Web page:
It’ s a matter of fact that the American Society as a whole lives in flexion. We sit and do work at our
computers, behind the wheel, on a couch – and even our children are growing up playing video games
instead of playing outside. Many in our society cannot move the middle of their spines (the thoracic spine)
in order to stand up straight. I have seen countless people who have no thoracic spine mobility say “ But I
can stand up straight” and then they move from their lower back. It’ s no wonder that back pain is the most
common ailment among Americans. Or maybe someone says “ But I can stand up straight” and then they
move from their shoulders. Either way, they are compensating with poor movement pattern and making
things that much worse.

Even many “ gym people” who are a step ahead of the sedentary spend their time looking in the mirror
working their biceps, and pecs, and then what happens? They build up the front of their bodies and neglect
the backside. They too, end up in flexion. The problem guys who "can’ t put their arms down" have because their "lats are so
huge" (a "disorder" that some lovingly call ILS - or Invisible Lat Syndrome) is more likely caused by an
immobility in their thoracic spine rather than bulging muscles.

What’ s left is a society with poor thoracic spine mobility, no shoulder stability, weak and tight hip flexors,
and no glutes - well, no strength in the posterior chain at all. As fellow RKC, Paul Lyngso said "We look like a group of Mr Burns' from the Simpsons!"

The beautiful thing about Kettlebell training is that it addresses all of these issues: regaining the rolling,
standing, kneeling primitive movement patterns as well as training the posterior chain making us mobile,
strong and powerful. And the best part about it is that good practice can take only 30 minutes (or less) only
a few times a week!

Basic, Basic, Basic. If someone is proficient at the two foundation Kettlebell exercises: the swing and the
get-up, they will more than likely move better, perform better, and feel better than most of the population.
The swing is strength and cardio in one exercise; the get-up is strength and mobility in one exercise.
Everything else is icing on the cake. "Magic" happens with the other exercises when the basics get better.
In one particularly busy month last year I stopped all training except, MRKC David Whitley's Furnace,
twice a week. What happened? I set a PR on my military press without training presses. The WTH effect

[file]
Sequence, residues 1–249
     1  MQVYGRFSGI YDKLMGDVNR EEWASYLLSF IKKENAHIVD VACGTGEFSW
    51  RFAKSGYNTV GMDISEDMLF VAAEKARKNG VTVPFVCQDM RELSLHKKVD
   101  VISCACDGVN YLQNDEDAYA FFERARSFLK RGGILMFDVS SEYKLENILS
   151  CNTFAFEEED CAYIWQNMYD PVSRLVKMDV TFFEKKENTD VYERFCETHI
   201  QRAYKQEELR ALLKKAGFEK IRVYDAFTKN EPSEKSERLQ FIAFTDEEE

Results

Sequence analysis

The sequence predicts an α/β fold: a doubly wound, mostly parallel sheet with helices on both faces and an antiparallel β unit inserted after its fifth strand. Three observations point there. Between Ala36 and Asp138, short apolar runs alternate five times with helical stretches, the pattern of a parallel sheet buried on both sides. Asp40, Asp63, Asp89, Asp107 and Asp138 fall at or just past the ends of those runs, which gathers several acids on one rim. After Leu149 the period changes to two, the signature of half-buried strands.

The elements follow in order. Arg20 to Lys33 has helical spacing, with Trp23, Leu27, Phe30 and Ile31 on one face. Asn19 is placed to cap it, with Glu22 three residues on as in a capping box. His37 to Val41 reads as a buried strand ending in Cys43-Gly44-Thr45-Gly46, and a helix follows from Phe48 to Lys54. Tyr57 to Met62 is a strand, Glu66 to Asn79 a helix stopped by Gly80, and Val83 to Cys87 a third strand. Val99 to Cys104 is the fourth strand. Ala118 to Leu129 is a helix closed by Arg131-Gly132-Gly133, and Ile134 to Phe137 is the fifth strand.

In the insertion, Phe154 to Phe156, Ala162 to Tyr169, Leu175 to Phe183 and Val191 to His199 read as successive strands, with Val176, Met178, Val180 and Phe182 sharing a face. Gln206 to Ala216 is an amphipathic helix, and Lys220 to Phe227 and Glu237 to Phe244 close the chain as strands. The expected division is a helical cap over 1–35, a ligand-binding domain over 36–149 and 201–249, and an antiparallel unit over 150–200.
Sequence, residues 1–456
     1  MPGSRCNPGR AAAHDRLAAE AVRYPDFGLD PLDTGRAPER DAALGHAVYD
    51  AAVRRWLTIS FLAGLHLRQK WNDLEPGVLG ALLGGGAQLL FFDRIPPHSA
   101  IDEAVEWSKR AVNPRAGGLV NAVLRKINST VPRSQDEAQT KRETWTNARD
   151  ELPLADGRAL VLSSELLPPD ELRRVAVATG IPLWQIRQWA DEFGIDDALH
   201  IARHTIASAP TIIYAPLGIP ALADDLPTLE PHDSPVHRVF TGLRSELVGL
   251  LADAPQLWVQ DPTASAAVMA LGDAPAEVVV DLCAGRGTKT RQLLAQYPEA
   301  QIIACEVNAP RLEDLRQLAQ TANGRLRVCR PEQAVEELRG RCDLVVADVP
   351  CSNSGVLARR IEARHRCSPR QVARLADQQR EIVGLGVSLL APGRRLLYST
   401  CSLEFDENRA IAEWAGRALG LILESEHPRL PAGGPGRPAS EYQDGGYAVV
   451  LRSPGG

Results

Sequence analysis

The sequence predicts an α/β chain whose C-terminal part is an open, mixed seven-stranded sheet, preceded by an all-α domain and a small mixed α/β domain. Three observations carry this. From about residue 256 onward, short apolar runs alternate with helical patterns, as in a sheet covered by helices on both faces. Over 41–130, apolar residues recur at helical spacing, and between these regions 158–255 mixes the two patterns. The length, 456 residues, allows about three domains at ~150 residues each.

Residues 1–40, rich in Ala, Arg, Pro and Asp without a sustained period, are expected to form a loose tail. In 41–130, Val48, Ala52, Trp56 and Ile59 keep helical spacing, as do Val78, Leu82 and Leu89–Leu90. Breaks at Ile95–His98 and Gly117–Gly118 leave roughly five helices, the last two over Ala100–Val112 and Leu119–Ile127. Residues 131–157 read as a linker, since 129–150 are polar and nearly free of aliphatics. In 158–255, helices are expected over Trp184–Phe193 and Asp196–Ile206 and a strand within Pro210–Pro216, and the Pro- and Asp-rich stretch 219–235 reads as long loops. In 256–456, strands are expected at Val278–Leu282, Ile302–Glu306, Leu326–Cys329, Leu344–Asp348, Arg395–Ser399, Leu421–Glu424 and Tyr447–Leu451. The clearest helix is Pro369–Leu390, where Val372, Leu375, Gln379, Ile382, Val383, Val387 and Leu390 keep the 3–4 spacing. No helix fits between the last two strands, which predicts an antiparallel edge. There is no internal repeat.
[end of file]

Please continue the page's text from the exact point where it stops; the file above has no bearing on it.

in full force. As taught in the CK-FMS course, we need a solid base of mobility and stability before we can
even think about piling strength on top of a bad foundation.

So why Kettlebells? The foundation Kettlebell exercises teach us to move properly and counteract the
damage we do by the postures we live in. They train our bodies to work as a unit and have the composition
we are made to have - and the exercises are so efficient and powerful that it takes a fraction of the time
many are accustomed to spending on their training.

Dragon Door TV

Check out my favorite Dragon Door TV episode - with my good buddy, uh I mean "Mate" Andrew Read!

Wednesday, January 26, 2011

How it All Began

On January 16th, I posted that it was my 5 year kettlebelliversary. Fellow RKC, Mark Snow asked for a blog post on how it all began. Here it is:

In 2004 when I was living in Atlanta after graduating from Georgia Tech, I had a flexible outside sales job and a long distance relationship. That combination meant that there was a lot of free time that I needed to fill. I chose to occupy my free time with frequent trips to the gym. I quickly became addicted and found myself spending 2 hours a day, 6 days a week in the gym. That's TWELVE HOURS of gym time each week. I thought that I had to go that often to get enough cardio training, plus strength and flexibility training.

Fast forward and I am living in San Diego, working a 55 hour a week job and trying to balance life and a relationship at the same time. Needless to say, no matter how much I rearranged my schedule, I didn't have the 12 hours that I was used to spending at the gym anymore. That is when I heard a local radio station talk about a gym called Iron Core that used these things called 'kettlebells.' According to the people interviewed, kettlebells dramatically decreased your time in the gym since the workouts were cardio, strength and flexibility all at the same time. It was too good to be true. I had to check it out for myself.

So, I went down on a Saturday morning for a 'trial class' and was amazed at what I discovered. The workout was intense and very different from what I was used to. It was some serious cardio without the boredom of the 'hamster wheel' (AKA the treadmill) and strength training without the monotony of isolated repetitions such as bicep curls. It was strength stretching without the endless poses of yoga. The workout was not only comprehensive and intense, but it was a lot of fun! And the trainer who, to me, was "just the guy at the gym down the street" was someone named Brett Jones (you may have heard of him.) I had NO IDEA at the time what a gold mine it was to be able to train with him multiple times a week!

I went from going to the gym 12 times a week, to taking three 45 minute classes, and yet somehow I found my strength and body composition improving. I wasn't getting those bulky, beefy muscles that you would think would accompany strength gains, but was getting long, lean lines and definition - all while spending 1/3 of the time in the gym!

I knew within a month that I wanted to be certified to teach and be able to share kettlebells with others. I attended the September 2006 RKC - back when they were only held in Minneapolis. Iron Core was nice enough to let me teach some classes after work and then a year later I decided that it was time to move back to Atlanta and open my own place.

When Condition opened, I was the only class instructor and Katie Bigelow (Now RKC2 and Z-Health Master Trainer) helped me out in the intro workshops. She went through the RKC 6 months after Condition opened and now almost 3.5 years later there are 12 HKC's or RKC's who teach here on a regular or substitute basis. I'm proud of all of them as they all have full time jobs outside of kettlebells and got certified because of their love for the training - just as I did.

I cant imagine a time where I won't train with kettlebells. I love the efficiency of kettlebells because with less time spent on my own training, I now have more time to do other things: like teach kettlebells, write about kettlebells, or read about kettlebells, or blog about kettlebells.... ;)